Friday, October 21, 2011

Book Review: Miss Peregrine's Home for Peculiar Children, by Ransom Riggs

Miss Peregrine's Home for Peculiar Children
by Ransom Riggs
Quirk Books
348 pages

"When I was a kid, Grandpa Portman's fantastic stories meant it was possible to live a magical life. Even after I stopped believing in them, there was still something magical about my grandfather. To have endured all the horrors he did, to have seen the worst of humanity and have your life made unrecognizable by it, to come out of all that the honorable and good and brave person I knew him to be - that was magical."  (pg. 88) 

If I had to choose one book I've read this year that I consider to be one of the most brilliant, well-written, and original books EVER, then Miss Peregrine's Home for Peculiar Children is it. There is so much to say about this one that I hardly know where to begin.

Sixteen-year old Jacob Portman and his grandfather Abe have a special relationship. They're connected in a way that transcends familial bonds, and in a way that mystifies (and maddens) Jacob's emotionally-distant parents. Their closeness allows Jacob to become curious about his grandfather's past, about the "peculiar" children he grew up with (and the reasons for their peculiarity) and why they still so much a part of Abe's life today.

Abe's past is one spent in a children's home (that would be Miss Peregrine's Home for Peculiar Children), located off the coast of Wales.  Jacob and his orinithologist father travel to this remote island for two purposes: bird-watching and research for the father and for Jacob, to discover the origins of the stories his grandfather held close to his heart while cryptically sharing details with Jacob.  What begins as Abe's story continues as Jacob's, and as he discovers truths he never imagined, author Ransom Riggs takes his reader right there to Miss Peregrine's Home for Peculiar Children.

"Peculiars" are people who have extraordinary physical and mental abilities.  These children levitate. Fly. See monsters. Have bees living inside of them. They're among us and separate at the same time, living on the island of Cairnholm off the coast of Wales.  Visiting them, as Jacob does, becomes a magical mystery tour of the most fantastical kind, one filled with "ymbrynes" and "wights" and "hollowgasts" - people who are coming to take Jacob away as well as those who want him to stay with the children at the Home forever.  Doing so means that Jacob becomes part of their "loop," a single day-in-the-life of all the residents (September 3, 1940) that repeats, continually, until the end of time. It is a day that is part of Jacob's grandfather's own story and as such, woven into Jacob's.

I don't want to say too much more about this, but I would be remiss if I didn't mention the photographs.

Among the many qualities that make this story extraordinary is the inclusion of 50 photographs of children doing the exact things (levitating, appearing in duplicate via reflections when there is only one person) that the children at Miss Peregrine's do.  At right is an example of one from the book. Discovering that these are real photographs (all unaltered, except for one or two) that were found and curated by author Ransom Riggs (and other photo collectors) and woven into the narrative only adds to the spookiness surrounding this novel.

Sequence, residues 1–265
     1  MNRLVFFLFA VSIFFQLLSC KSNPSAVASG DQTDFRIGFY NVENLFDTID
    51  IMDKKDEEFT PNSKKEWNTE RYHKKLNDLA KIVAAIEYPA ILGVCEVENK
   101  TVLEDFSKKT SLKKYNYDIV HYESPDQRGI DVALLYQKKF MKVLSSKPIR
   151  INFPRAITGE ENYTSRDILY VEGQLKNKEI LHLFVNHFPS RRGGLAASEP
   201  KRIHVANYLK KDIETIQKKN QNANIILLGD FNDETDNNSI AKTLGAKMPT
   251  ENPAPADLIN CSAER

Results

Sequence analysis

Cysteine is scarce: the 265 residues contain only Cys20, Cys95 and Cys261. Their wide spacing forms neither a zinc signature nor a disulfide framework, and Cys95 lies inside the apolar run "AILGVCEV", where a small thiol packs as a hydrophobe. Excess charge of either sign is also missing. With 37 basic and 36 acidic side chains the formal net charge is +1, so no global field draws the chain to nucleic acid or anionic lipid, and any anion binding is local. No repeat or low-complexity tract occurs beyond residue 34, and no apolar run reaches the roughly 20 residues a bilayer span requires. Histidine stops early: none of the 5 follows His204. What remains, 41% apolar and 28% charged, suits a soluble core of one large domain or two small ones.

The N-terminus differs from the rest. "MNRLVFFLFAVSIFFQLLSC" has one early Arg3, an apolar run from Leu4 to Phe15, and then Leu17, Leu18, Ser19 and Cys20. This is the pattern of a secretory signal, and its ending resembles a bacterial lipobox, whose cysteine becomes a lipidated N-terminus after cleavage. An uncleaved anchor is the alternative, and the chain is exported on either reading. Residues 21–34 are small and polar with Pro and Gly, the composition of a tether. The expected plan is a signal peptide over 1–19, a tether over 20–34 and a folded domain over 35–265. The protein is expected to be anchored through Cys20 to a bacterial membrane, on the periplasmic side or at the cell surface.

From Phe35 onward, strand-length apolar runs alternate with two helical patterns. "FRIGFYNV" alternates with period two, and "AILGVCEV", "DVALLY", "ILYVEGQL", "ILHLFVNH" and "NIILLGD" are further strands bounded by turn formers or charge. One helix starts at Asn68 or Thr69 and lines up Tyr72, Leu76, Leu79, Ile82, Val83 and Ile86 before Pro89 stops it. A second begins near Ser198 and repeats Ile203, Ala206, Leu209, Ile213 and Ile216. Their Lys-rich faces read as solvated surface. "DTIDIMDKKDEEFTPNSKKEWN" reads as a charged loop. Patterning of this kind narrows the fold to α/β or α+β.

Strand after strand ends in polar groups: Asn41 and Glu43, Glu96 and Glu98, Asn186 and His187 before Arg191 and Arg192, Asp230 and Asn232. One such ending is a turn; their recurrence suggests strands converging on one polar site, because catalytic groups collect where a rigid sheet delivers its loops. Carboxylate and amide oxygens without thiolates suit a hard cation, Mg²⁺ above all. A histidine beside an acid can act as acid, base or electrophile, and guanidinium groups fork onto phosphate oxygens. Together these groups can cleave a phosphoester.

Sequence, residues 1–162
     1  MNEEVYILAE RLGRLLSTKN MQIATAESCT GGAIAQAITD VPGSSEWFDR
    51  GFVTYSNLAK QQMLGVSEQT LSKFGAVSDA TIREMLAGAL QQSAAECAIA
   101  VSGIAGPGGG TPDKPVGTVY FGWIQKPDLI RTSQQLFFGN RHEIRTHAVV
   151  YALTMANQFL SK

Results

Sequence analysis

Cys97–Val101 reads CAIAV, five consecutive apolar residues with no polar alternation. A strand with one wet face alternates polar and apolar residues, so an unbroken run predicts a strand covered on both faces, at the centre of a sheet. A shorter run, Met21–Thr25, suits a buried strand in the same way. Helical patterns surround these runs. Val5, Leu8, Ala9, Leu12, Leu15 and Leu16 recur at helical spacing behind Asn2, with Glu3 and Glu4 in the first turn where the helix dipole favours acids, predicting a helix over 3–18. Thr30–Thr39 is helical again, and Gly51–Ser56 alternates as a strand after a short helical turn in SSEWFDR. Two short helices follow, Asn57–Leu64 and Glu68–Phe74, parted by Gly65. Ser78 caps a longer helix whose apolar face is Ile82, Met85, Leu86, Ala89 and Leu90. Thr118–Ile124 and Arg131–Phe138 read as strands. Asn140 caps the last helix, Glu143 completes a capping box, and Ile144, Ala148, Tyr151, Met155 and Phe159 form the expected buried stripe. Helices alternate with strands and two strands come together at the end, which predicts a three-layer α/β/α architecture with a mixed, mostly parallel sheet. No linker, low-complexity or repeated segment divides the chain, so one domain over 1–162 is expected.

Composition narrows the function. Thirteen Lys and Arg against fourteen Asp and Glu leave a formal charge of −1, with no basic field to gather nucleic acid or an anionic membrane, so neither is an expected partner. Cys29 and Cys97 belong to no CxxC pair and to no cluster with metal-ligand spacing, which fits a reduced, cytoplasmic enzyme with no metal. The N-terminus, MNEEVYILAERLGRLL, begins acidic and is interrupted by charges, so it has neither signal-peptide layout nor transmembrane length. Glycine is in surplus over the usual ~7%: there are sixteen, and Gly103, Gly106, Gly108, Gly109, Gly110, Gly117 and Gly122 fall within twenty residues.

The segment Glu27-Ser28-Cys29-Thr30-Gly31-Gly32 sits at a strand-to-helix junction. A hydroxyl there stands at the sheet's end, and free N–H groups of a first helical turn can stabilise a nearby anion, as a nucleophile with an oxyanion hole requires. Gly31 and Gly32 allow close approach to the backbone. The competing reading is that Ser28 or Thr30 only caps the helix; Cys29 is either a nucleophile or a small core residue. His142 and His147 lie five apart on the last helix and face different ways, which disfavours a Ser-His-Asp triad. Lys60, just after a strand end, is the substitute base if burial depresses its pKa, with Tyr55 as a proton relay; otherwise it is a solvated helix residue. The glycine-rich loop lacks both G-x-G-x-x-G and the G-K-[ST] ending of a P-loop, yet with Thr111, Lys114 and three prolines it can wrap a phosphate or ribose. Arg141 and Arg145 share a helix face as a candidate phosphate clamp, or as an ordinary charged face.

Some have criticized Riggs for his inclusion of the photographs, but they do more than add an element of truth and authenticity to this novel. As wonderful as Riggs's writing is in this book (his first novel, and an absolute triumph at that!), it is the photographs that enhance the feeling that one gets while reading this.  They're absolutely essential.

They levitate his words.

I know what you're thinking.  You're thinking something along the lines like: damn, Melissa ... this sounds way off the beaten path of things you typically read.  And you'd be right in thinking that because Miss Peregrine's Home for Peculiar Children is, in fact, very different than my usual literary fare.  But something about this one (maybe all the rave reviews from bloggers) intrigued me enough to add this to my want-to-read list and I am oh-so-glad they did.

(And I'm not usually a sequel person, but I already can't wait to read more about these peculiar children.  Ransom Riggs's next installment of this story is due out in Spring 2013.)

Mark my words: this is perhaps one of the best possible books you can read now, in these days leading up to Halloween and as the weather turns colder and the days grow dark.  This is the perfect book to read by a fire, or cuddled up in a blanket on the couch with a glass of tea or cider.  You get the idea.

Now. Go get the book.*

* As much as I love my e-reader, DON'T get this one in the e-version.  You want to experience this one in print, because of the photographs.  Trust me.

What Other Bloggers Thought:

Capricious Reader

Fyrefly's Book Blog

Jenn's Bookshelves

Stainless Steel Droppings  (Carl is once again hosting the immensely popular and fun R.eaders I.mbibing P.eril reading challenge on his blog, and it is for this challenge that I decided to read Miss Peregrine's Home for Peculiar Children. 

Urban Bachelorette

(There are about a million other reviews of this out there on the blogs ... did I miss yours?)

copyright 2011, Melissa, The Betty and Boo Chronicles If you are reading this on a blog or website other than The Betty and Boo Chronicles or via a feedreader, this content has been stolen and used without permission.


Anonymous said...

You are so right about getting a hard copy of this book. An ereader couldn't even come close!

Cozy in Texas said...

This book has intrigued me. Thanks for the review.

Kate said...

Hey there! Just a quick note to let you know I linked this post over at Kate's Library in my "Friday Five". Have a great weekend! (A little late - I was behind!)